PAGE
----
Rain lashed the Circuit Gilles Villeneuve all day, upending Friday’s dry-weather form book, but Verstappen remained the man to beat, his well-known wet-weather prowess helping him maintain a stranglehold over the field.
The Dutchman’s last three laps of Q3 were all good enough for the two four, and either of his last two laps would have been good enough for pole, but his final attempt but him a comfortably 0.645 seconds ahead of Alonso to deliver him just his second pole position of the season.
“Of course I still expect it not to be a straightforward race [in the dry], but today with the tricky conditions we stayed calm and didn’t make mistakes,” he said.
But it was Alonso’s front row-grabbing performance that most impressed, the 40-year-old Spaniard winding back the clock for his best qualifying result since taking pole at the 2012 German Grand Prix.
The Alpine car has been quick in the dry and the wet this weekend in Alonso’s hands, and he wielded it to perfection late in Q3 to pip Ferrari’s Carlos Sainz to second place by 0.15 seconds.
“It feels great,” he said. “It was an unbelievable weekend for us.
“Thanks to the wet conditions today the car was mega. I was so comfortable with this car.”
Sainz was almost 0.8 seconds slower than Verstappen as Ferrari’s lone standard-bearer, though he expects to be a better match for the championship pleader on what’s forecast to be a dry Sunday.
“That’s the target,” he said. “I think we’re in a good position for tomorrow. I think it’s going to be good fight with Max up front, and let’s see what we do with Fernando, because he’s been quick all weekend.”
Lewis Hamilton was a relieved fourth at the end of Q3 after a “disaster” of a Friday struggling to come to terms with his difficult 2022 Mercedes. He was still 1.5 seconds off the pace, but he found his car to be more pliable in the wet to keep him at the head of the midfield.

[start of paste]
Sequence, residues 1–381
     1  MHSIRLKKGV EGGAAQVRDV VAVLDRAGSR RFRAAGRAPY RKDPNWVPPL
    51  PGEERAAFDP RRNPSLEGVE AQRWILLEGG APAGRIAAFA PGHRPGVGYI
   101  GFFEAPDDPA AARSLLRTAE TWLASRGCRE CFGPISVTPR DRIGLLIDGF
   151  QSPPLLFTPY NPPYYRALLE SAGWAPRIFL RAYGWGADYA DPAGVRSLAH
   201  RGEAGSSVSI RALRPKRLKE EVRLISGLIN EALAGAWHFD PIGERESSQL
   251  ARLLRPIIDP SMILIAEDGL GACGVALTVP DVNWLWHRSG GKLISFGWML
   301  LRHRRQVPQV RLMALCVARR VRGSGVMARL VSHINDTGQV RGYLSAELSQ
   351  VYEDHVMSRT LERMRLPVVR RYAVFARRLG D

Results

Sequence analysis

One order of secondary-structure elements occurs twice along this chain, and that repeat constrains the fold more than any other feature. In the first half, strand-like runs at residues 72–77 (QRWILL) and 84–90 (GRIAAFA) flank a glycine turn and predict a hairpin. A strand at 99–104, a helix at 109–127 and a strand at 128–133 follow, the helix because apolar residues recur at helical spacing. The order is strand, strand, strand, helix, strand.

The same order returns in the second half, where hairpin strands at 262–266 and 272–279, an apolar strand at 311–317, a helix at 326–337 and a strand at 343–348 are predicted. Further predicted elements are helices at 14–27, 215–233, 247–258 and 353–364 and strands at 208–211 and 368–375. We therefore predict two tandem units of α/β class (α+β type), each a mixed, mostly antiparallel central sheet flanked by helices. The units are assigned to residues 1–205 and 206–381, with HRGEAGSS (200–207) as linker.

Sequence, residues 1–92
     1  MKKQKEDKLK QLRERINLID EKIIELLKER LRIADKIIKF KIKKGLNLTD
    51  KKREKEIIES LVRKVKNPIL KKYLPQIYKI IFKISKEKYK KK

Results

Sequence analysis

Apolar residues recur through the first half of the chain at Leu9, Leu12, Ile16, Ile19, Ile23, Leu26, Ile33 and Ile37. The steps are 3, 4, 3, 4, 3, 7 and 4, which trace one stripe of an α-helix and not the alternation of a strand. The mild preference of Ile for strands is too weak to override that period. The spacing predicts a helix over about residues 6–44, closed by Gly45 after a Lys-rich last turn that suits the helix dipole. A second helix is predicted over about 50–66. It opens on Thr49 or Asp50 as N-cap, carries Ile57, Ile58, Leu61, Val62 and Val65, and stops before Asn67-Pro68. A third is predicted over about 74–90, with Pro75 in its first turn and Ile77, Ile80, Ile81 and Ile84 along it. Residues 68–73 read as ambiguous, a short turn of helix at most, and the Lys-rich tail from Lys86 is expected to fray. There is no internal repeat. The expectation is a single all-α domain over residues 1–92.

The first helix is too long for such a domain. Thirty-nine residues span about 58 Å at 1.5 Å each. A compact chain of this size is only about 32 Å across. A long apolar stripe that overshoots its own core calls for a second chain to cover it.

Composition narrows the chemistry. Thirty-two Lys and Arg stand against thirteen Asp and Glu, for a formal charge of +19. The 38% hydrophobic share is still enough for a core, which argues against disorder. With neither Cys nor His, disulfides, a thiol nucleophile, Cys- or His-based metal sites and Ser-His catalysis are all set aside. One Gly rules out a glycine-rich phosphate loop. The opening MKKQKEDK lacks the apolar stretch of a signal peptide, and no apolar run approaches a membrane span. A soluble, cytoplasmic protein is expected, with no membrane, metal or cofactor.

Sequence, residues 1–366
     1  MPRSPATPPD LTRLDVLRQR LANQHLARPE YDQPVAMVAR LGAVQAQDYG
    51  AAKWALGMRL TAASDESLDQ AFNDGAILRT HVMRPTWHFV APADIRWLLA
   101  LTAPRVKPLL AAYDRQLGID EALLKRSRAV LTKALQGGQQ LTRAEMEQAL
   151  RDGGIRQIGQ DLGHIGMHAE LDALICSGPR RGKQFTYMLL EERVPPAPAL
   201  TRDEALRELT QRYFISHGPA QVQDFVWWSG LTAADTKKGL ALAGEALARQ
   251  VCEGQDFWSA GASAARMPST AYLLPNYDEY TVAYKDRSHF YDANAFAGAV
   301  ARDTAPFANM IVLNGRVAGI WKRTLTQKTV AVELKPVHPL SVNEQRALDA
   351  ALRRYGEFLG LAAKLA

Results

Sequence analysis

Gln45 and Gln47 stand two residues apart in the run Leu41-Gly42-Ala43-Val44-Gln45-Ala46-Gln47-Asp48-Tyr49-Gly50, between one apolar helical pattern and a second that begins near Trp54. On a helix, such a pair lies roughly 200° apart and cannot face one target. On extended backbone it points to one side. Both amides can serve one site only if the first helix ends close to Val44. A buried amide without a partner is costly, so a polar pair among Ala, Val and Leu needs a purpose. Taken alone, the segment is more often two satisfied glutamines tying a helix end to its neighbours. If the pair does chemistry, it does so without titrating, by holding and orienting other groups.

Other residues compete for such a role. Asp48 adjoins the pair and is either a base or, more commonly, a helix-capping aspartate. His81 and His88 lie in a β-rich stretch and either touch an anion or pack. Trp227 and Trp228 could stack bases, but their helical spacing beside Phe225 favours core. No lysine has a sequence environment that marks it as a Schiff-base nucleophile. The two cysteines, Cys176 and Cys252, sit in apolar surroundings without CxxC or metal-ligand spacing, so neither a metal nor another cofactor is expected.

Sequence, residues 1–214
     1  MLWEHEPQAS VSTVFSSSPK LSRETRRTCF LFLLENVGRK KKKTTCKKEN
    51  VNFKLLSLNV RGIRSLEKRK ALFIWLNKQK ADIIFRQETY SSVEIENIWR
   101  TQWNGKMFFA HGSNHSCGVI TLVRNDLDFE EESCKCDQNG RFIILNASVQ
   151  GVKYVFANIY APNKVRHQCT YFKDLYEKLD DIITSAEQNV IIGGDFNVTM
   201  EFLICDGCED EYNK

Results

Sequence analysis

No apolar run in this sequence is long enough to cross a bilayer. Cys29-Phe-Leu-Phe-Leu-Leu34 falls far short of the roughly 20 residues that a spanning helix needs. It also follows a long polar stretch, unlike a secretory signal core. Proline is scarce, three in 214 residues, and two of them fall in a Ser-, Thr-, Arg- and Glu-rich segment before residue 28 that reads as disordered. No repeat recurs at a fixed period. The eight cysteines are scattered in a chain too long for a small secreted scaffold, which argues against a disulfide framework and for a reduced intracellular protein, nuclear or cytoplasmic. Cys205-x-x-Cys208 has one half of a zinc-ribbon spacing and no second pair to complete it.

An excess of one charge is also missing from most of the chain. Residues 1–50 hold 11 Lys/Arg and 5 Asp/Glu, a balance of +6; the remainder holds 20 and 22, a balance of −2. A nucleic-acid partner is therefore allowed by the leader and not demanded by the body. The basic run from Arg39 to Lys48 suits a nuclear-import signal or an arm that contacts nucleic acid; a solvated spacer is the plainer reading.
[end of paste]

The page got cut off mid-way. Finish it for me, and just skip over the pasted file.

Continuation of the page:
Kevin Magnussen led Haas teammate Mick Schumacher to fifth and sixth, the latter’s best ever qualifying result in Formula 1.
Esteban Ocon was seventh in the second Alpine ahead of George Russell, who risked slick tyre late in Q3 but almost immediately spun off the track and into the barrier.
Daniel Ricciardo qualified ninth ahead of Zhou Guanyu in the Alfa Romeo rookie’s first top-10 appearance.
Valtteri Bottas was knockout out 11th ahead of Thai driver Alex Albon, whose car survived a low-speed crash halfway through Q2 to power him to 12th.
Sergio Perez lost his qualifying session to a heavier front-on collision with the barriers at turn 4. Unable to extricate the car under his own power, he caused a red flag that left him 13th on the grid
Lando Norris qualified 14th with technical problem ahead of Charles Leclerc, who will drop to the back row of the grid for using too many power unit parts.
Pierre Gasly will start 15th ahead of Aston Martin teammates Sebastian Vettel and Lance Stroll, the latter more than a second slower in the slick conditions.
Canadian Williams driver Nicholas Latifi will start 18th ahead of the penalised Leclerc and AlphaTauri’s Yuki Tsunoda.